Photo and video by Jennifer Parker, UNCP junior.
Updated on Sunday 1:42 p.m.
Breaking: UNC Pembroke has suspended classes and all other operations until Wednesday, September 19 as the university is still operating under Condition 3.
As of Saturday, approximately 800,000 people are without power in North and South Carolina combined. Majority of the outages are coming from counties: Beaufort, Bladen, Brunswick, Carteret, Columbus Craven, Duplin, New Hanover, Robeson, Sampson, Wake, Wayne, Pamlico, Pender and Onslow counties.
UNC Pembroke is experiencing heavy rains with power outages and little to no flooding.
According to ABC 11, more storm surges and flooding is still anticipated to follow in the near future. Lumber river is currently under 12 ft. of water and I-95 is flooded from multiple exits.
As the flood waters could potentially contain toxins and other pathogens, Robeson county issued a boil advisory for water Friday evening.
On Friday morning, Hurricane Florence made landfall at Wrightsville Beach as a category 1 storm with winds up to 80 mph.
Florence’s winds will reach up to 70 miles from the center of the hurricane extending far into southeastern North Carolina and much of eastern South Carolina region, according to the National Hurricane Center. Storm surges are expected to bring as much as 40 inches of rain to some areas of the Carolinas creating catastrophic flash flooding.
The surges could prevail as far as two miles inland if heavy rainfall remains consistent. According to the AP, over 500,000 people are currently without power on the coast of the Carolinas as well as further inland.
“You’re going to have flooding miles and miles inland,” National Hurricane Center Director Ken Graham said.
Five shelters within Robeson County are open for people in the local community to evacuate to for higher ground to avoid potential flooding. The five shelters are as follows: Purnell Swett High School, Lumberton High School, St. Pauls High School, Fairmont High School and South Robeson High School.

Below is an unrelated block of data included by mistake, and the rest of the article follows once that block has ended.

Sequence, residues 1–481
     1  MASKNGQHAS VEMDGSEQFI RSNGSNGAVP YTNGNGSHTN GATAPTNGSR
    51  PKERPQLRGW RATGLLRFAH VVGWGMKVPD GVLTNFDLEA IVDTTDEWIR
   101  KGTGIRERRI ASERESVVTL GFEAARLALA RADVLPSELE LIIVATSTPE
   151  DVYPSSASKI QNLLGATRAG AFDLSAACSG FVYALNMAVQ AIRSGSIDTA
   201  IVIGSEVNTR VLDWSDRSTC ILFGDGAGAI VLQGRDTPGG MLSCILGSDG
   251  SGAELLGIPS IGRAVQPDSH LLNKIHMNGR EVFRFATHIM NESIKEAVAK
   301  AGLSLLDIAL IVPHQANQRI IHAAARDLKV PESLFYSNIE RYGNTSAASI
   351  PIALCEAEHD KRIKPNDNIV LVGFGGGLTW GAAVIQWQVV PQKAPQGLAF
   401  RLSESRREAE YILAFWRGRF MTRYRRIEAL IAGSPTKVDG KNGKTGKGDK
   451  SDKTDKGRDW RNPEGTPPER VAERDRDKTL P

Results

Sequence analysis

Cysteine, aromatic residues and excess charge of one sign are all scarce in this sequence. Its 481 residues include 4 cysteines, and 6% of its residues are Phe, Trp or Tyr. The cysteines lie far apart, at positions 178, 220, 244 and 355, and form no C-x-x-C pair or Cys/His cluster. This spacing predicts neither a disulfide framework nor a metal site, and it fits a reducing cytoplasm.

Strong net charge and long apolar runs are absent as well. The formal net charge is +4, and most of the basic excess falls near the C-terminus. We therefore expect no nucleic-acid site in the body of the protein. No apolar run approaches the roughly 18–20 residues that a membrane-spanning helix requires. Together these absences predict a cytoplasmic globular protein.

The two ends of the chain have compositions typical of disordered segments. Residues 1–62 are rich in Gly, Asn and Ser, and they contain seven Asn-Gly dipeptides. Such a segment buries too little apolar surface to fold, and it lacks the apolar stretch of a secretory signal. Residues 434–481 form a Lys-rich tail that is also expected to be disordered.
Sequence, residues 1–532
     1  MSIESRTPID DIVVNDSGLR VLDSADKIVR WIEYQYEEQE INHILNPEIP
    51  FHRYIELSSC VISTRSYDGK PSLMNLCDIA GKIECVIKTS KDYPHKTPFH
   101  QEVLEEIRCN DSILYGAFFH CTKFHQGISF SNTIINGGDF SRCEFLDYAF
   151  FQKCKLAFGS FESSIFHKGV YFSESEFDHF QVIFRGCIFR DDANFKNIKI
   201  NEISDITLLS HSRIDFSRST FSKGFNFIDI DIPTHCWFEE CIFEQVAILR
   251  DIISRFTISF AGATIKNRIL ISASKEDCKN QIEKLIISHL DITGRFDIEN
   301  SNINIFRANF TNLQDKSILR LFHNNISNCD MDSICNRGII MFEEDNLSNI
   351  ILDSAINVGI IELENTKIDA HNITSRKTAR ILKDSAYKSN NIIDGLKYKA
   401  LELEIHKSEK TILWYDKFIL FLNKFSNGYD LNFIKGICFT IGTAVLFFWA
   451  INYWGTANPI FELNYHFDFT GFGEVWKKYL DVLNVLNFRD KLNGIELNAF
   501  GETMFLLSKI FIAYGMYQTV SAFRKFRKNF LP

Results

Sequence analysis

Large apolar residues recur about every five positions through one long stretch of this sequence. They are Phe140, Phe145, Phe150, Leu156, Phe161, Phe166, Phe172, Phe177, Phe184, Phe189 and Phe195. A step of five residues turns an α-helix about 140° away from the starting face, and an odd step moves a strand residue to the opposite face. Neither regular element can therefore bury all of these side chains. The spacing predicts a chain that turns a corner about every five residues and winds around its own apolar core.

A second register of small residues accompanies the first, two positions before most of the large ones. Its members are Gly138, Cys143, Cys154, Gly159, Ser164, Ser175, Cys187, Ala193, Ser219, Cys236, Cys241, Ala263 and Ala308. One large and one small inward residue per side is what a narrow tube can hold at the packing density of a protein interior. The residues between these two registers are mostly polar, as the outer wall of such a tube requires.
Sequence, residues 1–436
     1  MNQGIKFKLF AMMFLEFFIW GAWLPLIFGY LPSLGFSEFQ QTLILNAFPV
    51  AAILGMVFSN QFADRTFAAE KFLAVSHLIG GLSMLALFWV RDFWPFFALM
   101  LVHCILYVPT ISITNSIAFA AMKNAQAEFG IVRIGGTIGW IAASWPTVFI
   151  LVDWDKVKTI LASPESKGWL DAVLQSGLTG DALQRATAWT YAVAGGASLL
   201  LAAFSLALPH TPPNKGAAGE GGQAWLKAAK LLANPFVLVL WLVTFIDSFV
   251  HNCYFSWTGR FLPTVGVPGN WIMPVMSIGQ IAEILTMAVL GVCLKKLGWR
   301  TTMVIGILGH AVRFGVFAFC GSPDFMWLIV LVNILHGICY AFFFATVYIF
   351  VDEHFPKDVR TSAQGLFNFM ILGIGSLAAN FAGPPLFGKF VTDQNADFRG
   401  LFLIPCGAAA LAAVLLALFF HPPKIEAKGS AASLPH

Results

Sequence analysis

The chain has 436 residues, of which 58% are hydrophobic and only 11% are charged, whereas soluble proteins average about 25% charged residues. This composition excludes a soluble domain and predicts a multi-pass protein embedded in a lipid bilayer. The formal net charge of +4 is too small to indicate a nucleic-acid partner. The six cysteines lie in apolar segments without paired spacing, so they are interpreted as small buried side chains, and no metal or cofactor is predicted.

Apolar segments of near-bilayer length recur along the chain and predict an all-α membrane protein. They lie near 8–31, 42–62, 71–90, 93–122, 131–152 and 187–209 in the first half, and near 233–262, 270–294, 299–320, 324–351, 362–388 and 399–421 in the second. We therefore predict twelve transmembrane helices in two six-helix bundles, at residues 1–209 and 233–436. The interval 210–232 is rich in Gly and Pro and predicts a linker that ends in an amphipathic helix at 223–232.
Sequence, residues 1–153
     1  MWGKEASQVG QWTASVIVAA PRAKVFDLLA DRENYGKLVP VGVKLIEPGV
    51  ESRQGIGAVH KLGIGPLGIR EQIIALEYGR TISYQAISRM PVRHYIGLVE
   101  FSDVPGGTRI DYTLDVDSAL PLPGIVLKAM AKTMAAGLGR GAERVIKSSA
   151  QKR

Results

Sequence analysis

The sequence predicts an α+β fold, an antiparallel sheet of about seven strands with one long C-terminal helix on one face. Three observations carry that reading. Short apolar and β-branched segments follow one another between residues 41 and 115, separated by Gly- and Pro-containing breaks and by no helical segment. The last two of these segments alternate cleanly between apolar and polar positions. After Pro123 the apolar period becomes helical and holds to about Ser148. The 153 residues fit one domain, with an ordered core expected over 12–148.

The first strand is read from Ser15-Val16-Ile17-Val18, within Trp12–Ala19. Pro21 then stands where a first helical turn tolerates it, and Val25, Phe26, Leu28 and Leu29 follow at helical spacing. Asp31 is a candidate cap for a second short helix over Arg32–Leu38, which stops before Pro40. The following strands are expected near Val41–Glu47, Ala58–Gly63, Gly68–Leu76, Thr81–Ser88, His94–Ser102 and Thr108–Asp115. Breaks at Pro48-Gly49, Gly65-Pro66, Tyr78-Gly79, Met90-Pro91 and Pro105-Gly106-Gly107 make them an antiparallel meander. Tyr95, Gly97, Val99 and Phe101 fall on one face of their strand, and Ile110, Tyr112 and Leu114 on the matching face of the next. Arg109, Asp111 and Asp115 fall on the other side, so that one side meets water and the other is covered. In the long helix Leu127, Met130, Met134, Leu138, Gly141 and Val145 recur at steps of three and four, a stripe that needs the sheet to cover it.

Currently Lumberton High School and Fairmont Middle School are at maximum capacity.
According to an update provided by UNC Pembroke, “The university has begun to experience strong winds and rainfall but anticipates the most severe weather beginning this afternoon into Saturday evening. The National Weather Service has indicated Robeson County should expect extreme rainfall amounts and subsequent Matthew-like flooding.”
The university is currently operating under Condition 3 under which all classes and scheduled activities are canceled until further notice. Non-mandatory staff and faculty have also been advised to leave campus.
According to campus police, approximately 20 students are currently still on campus and even more students remaining in off campus housing. The students still on campus have all been moved to Cypress hall for safety reasons.
In an email released by the university Executive Director Jodi Phelps, “Sodexo will deliver non-perishable items and boxed meals and beverages in Cypress Hall through Sunday.” The dining hall will remain closed through the weekend.
In an email sent out Thursday afternoon, Chancellor Cummings stated his solidarity with the university.
“You may be understandably anxious facing yet another major hurricane. Know that I share your fears and concern. But what I know with certainty is the resilience and strength that lies within BraveNation. After Matthew, our university and community came together like never before to support one another and begin rebuilding,” Cummings wrote.
If any faculty members or students are suffering from emotional stress due to the natural disaster, you can call the Disaster Distress Helpline at 1-800-985-5990 or text “TalkWithUs” to 66746 to get in touch with a crisis counselor.
Photo and video by Jennifer Parker, junior.
This is a breaking story and will be updated.